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Discussion Starter · #1 ·
$10m city art transformation

Neon lights zig-zagging through a downtown alley, temporary artworks in Wynyard Quarter's silos and a bronze duck hiding in a Queen St park are among $10 million of art to be added to the Auckland landscape over the next year. The council has this month been considering 53 projects across Auckland - although almost half are in the Waitemata area which covers the CBD. Most projects are new art pieces, but some involve maintenance or alternations to existing works, such as Molly McAllister's iconic Maori Warrior which will be moved to a new spot within the CBD. Highlights from the programme, covering the 2012/13 financial year, include a series of photographic exhibitions on the back of billboards at Henderson train station, beautification of the Papatoetoe RSA, library and Burnside Park to celebrate the district's 150 year reunion, and "artistic treatment" for the exterior of a new car park by artists Reuben Paterson and Lonnie Hutchinson.

The $230,000 Eyelight Lane by artist David Svensson is described as a "meandering red neon line mounted on buildings on either side of Fort Lane that crosses [the] alley at three points". Meanwhile Critters, by Rachel Walters, completes a trio of animal sculptures "hiding in plain sight" in Myers Park. The $73,000 bronze duck will sit atop a manhole cover hiding in a bubble wrap envelope. The programme was endorsed by the culture, arts and events forum last week but will not be approved until it goes before it's put to a vote at next month's regional development and operations committee. Of the $9.88m budget, $2.68m will come from the public arts fund. The rest comes from the Auckland Art Gallery, local boards, art trusts, libraries, council controlled organisations and private donors.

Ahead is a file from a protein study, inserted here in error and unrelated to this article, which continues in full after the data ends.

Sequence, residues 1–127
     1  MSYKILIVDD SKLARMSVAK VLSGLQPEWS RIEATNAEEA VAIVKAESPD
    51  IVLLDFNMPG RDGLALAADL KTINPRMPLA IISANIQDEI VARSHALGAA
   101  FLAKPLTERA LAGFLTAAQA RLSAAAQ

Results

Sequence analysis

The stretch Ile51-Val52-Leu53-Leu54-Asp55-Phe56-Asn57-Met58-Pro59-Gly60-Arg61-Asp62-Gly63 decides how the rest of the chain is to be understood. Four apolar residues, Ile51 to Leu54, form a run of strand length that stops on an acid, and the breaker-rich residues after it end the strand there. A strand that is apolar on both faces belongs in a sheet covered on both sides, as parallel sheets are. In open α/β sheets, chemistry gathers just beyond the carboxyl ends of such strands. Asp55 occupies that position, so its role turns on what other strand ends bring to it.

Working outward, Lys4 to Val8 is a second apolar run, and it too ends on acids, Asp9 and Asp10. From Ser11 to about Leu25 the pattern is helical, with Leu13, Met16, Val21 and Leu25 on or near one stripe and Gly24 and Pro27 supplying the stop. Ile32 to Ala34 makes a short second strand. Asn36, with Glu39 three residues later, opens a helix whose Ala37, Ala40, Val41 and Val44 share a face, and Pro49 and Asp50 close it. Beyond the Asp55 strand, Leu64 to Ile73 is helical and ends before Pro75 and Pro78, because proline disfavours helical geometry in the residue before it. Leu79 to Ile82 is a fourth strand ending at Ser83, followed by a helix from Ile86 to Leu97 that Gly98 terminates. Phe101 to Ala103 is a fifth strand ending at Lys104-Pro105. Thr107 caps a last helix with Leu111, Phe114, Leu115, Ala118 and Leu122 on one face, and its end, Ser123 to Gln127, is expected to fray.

Manager public art Carole Anne Meehan said public art supports Mayor Len Brown's vision to make the city the world's most liveable, as outlined in the Auckland Plan. "Public art enlivens spaces and turns the ordinary into the extraordinary. "Managed well it can have huge economic and social benefits to a city and create places that can be enjoyed by all Aucklanders." A single policy on public art has not yet been adopted by the new Auckland Council. A discussion document is currently before local boards, key stakeholders and council-controlled organisations before a draft policy is prepared for public feedback.


20 APR 12 19°C by Urban+Explorer, on Flickr
CRITTERS in Symonds Street (University of Auckland)​
 
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Discussion Starter · #2 ·
Art-erial plan for Dominion Road

Sculpture and art installations are set to adorn Dominion Rd in a plan to turn the busy thoroughfare into an "art-erial". Albert-Eden Local Board chairman Peter Haynes came up with the idea. "It aims to use public art to excite, delight and satisfy the large numbers of Aucklanders and tourists who use or visit Dominion Rd," he says. The concept will be part of a regeneration of the corridor and he says it will make often lengthy journeys more interesting. Parklets - small strips of roadside given over to temporary art or landscaping - originated in San Francisco. Its first parklet opened in 2010, and there are now 27, with dozens more in the pipeline. Streetfront business owners, non-profits and community groups can apply to have them built, often taking over a carpark.

The Dominion Rd parklets could be installed on wide sections of footpath rather than the road, as buses need those lanes at peak times. Dr Haynes describes the art-erial idea as a "once in a lifetime opportunity", saying it help link Kingsland and Valley Rd village centres through an art walk. "The road is due to be upgraded in the next two years and there's a possibility of including installation spaces into the design," he says. Auckland Council owns or has designations over several sites on Dominion Rd. Dr Haynes says the best time for the arterial to be created will be during the road's upgrade. Preference will be given to local creatives and businesses to come up with designs. But at the heart of the idea is a Billy Apple Art Walk, a possible trail to three existing sculptures near Eden Park made by the renowned conceptual artist for the Rugby World Cup.